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I have not been personally served Summons re: foreclosure case. Should I show up to court so I am not a "no show"

Chicago, IL |

Chase's attorney mailed me a "notice of initial case management conference" but I have not been officially served. The county court docket states "alias summons issued and returnable". Will the judge enter a default judgment against me because I haven't filed my appearance? Or will the judge tell the Chase attorney that I must be officially served first? Should I go to court and request additional time to retain an attorney even though I haven't been officially served?

Attorney Answers 4


  1. Best answer

    You have received great advice. You might have some options, but what path you take will really depend on what you like to accomplish. What are the realistic goals: loan modification, no judgment against you, extra time to relocate, eliminate other debts, etc? I would definitely see a foreclosure/bankruptcy attorney asap. You will certainly benefit from understanding you realistic legal options, both in short term and long term. Good luck.


  2. You have the right to be served. You cannot be found in default until you are served. If you have no interest in regaining the property, then it may be in your best interest to not be served. If Chase files an affidavit stating it cannot locate you after making diligent effort, it can proceed to have you served by publication.

    If you are served by publication you are at risk of losing the collateral. However, a deficiency judgment ( the difference between what you owe and what the house sells for at the foreclosure sale) cannot be entered against you when service has been accomplished by publication only. The court only has jurisdiction to deal with the real estate and not the debt you may owe.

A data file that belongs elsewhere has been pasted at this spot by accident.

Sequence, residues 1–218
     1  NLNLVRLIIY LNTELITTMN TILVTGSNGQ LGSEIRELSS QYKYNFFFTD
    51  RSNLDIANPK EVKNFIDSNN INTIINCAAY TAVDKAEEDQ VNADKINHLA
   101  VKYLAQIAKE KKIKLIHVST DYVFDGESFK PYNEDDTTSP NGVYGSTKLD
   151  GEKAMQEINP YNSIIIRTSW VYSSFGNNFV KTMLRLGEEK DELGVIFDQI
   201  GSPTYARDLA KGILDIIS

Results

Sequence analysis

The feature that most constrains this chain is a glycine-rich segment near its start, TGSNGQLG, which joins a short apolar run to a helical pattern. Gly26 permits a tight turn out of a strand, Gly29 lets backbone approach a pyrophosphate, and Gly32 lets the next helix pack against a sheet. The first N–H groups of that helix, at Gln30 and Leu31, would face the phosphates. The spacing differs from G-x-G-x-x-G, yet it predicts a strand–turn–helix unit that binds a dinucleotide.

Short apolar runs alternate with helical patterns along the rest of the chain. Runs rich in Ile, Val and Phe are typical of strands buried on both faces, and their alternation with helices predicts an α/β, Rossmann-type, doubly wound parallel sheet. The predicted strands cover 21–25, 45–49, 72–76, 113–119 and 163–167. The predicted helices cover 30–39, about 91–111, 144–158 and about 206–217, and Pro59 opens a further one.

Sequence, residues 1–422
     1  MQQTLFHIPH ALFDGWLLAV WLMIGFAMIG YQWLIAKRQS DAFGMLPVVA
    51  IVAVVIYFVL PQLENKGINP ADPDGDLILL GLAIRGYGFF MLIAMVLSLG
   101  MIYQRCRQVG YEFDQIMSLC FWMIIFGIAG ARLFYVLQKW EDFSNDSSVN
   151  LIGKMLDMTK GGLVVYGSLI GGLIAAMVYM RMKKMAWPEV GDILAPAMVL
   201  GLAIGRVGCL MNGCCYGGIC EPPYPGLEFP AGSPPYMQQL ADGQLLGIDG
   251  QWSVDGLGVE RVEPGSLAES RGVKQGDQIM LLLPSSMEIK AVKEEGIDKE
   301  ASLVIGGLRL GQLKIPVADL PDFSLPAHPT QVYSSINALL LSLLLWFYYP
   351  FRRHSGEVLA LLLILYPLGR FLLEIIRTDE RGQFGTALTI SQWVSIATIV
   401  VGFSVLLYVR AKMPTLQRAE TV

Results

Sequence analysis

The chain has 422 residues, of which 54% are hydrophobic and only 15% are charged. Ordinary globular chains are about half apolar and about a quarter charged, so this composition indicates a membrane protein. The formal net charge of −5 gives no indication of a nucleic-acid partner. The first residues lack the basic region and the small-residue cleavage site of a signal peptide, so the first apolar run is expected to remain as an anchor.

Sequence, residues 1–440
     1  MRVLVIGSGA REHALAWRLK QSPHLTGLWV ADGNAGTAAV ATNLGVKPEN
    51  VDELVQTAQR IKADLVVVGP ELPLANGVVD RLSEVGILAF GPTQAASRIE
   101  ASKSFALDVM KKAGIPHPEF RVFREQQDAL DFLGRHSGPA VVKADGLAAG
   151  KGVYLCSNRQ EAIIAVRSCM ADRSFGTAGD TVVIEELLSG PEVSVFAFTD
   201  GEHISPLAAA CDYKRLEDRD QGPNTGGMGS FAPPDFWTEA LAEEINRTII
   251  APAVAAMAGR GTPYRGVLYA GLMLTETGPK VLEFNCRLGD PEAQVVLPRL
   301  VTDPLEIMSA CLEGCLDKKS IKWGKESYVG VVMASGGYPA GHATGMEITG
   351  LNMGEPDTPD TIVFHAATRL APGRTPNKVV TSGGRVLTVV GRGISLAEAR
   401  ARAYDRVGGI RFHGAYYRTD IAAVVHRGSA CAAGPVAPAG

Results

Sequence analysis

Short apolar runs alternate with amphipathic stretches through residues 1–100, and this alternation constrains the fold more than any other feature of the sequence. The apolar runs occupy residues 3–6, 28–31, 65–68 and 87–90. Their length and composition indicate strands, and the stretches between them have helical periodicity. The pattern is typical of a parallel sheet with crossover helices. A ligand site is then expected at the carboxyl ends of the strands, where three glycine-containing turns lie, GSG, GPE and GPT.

Good luck.

    This response is being provided for information purposes only and does not constitute an attorney client relationship. Furthermore, I am only licensed to practice law in the State of Illinois. While there are oftentimes similarities between States' laws, there can also be large differences. You should not rely on this response as legal advice and are highly encouraged to speak to an attorney licensed in your State for an accurate legal answer.


  3. Check the court file to see if a return of service has been filed and if so what it says. The only way the other side can get a personal deficiency judgment against you is if you are personally served (unless your appearance is on file in the foreclosure action). Our appellate court has interpreted the phrase “personal service” in this context to include substituted service as well (which occurs when the sheriff or process server leaves a copy of the complaint and summons at the defendant's usual place of abode with a person of the family or a person residing there who is at least 13 and apprises that person of the contents and also mails a copy to the defendant). Good luck.

    Robert T. Kuehl
    Kuehl Law, P.C.
    Chicago, Illinois
    312-840-8270
    Email: bob@kuehllawpc.com
    Website: www.kuehllawpc.com


  4. If you have not been served, you do not have the obligation to show up to any proceeding. The docket/[court file] must eventually contain this "alias summons" with an "endorsement" that you have been served.

    A default judgment could only be entered after a proper/legal service of summons. So, no, the Court could not.

    If you go to court and do anything but object to service, you are officially in the case as you will be deemed to have made an general appearance in the case.

    The Complaints for Foreclosure have many flaws in them. There are multiple "affirmative attacks" you can assert at the outset in order to dismiss the action altogether.

    You need to find an attorney ASAP.

    The author provides the preceding information as a service to the public. Author's response, as stated above, should not be considered legal advice. An initial attorney-client conference, based upon review of all relevant facts/documents, will be necessary to provide legal advice upon which the client should then rely.

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